Allotment update: June

Well here we are at the end of June, and the allotment looks very different from how it did at the start of the year.  Everything is growing like crazy and its hard to keep up, but in a good way.

This week I harvested all my onions and garlic.  A little early maybe, but too many were beginning to bolt, and I don’t have the means (or the desire) to water a lot to prevent this during dry spells like we’ve had this year.  Anyway, I’m really pleased with the crop, with some notable successes and some learning points / disappointments.

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Red onions on the right, spring planted onions (sets) on the left

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Autumn planted sets on the right, red shallots on the left, garlic at the bottom (tops only showing)

First the good stuff.  The autumn planted onions (from sets) are wonderful – lots of really good sized onions, mainly large to medium.  I know from experience that these will dry off and keep well through the autumn and winter.  We used the last of the 2014 crop in February 2015 I think, which means we’ve only bought onions for about 3 months of the year.  And we use a lot of onions.

The shallots, not the ones I ordered as the Allotment Association had to substitute for rotten ones, have done very well, and we’ll use them all this summer I’m sure.

The spring planted onion sets haven’t done quite as well, though they’re not too bad.  I will use these first of all, as many of them won’t be worth keeping for long.  Similarly the red onions – these are a bit disappointing this year in that lots have started to bolt and they’re not very big.  But on the other hand, there are lots of them.  They don’t keep well, so we’ll use them /give them to the sons during the summer, and then towards the end of the summer I’ll make a batch of red onion marmalade, which will enable us to enjoy them for even longer.  I made some last year, and it was completely delicious.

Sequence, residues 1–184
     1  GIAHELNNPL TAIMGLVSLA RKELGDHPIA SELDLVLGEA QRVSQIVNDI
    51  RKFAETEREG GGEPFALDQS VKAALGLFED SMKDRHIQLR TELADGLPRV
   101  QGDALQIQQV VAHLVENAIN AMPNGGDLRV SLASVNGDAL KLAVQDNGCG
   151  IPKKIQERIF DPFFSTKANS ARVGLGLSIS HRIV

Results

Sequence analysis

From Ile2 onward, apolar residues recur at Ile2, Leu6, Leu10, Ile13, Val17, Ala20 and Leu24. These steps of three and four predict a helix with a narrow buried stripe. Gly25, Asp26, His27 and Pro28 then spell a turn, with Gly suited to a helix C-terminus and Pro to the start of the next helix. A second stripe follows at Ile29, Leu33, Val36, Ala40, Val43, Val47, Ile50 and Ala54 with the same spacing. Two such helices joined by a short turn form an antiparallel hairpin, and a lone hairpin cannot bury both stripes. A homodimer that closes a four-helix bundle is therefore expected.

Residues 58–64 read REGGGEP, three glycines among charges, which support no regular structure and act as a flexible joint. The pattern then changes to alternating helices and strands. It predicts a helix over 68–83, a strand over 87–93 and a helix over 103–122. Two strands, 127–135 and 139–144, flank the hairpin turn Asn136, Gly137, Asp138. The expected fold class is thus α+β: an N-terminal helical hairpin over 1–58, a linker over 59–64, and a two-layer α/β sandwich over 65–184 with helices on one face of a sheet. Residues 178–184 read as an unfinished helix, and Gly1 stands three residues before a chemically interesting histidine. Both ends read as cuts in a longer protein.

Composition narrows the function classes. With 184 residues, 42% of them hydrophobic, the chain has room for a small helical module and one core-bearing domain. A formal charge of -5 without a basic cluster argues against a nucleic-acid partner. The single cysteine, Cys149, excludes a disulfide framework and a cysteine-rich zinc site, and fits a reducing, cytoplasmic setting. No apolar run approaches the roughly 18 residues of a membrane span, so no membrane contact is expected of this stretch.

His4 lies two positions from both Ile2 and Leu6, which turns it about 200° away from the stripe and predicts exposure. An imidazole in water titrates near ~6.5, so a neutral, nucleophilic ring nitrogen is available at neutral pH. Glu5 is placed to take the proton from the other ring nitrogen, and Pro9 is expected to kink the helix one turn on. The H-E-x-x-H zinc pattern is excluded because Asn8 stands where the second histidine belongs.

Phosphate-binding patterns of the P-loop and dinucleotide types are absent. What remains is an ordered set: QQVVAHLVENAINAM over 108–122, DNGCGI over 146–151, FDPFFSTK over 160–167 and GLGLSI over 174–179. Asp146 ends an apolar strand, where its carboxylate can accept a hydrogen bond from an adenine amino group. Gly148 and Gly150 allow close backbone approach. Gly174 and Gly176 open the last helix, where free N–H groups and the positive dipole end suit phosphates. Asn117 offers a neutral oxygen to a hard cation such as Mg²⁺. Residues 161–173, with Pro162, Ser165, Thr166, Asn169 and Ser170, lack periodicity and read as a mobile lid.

The garlic is again disappointingly small, but just about enough for our own use.  I think I’ll start with fresh bulbs for planting this autumn, instead of continuing with my own, as there really aren’t enough good fat bulbs to be worthwhile.

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My entire garlic crop. Still, there’s always next year….

The three potato beds look wonderful.  We always aim to dig and eat our first of the new potatoes to celebrate Malcolm’s birthday on 3 July, so that treat is less than a week away now.  Should be good!

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I’ve been very late putting in the summer veg, but finally managed it this week, with the help of some bought plants to fill in for the germination failures.  Note to self: sow stuff at the right times next year, and only use the most recent seed instead of trying to be thrifty by using old seed – a false economy, as my late mother-in-law would have said.

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I’ve put in 6 courgette plants. The nasturtiums self seed every year – lovely colours, plus the flowers zing up salads and a few leaves add a distinctive peppery taste

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Grown from seed (by me!). 9 plants. 3 varieties, but I don’t know which plants are which as got mixed up together by accident. Note to self: label each plant, not groups of pots. The other plants with them are borage (self seeds like mad, love the flowers in salads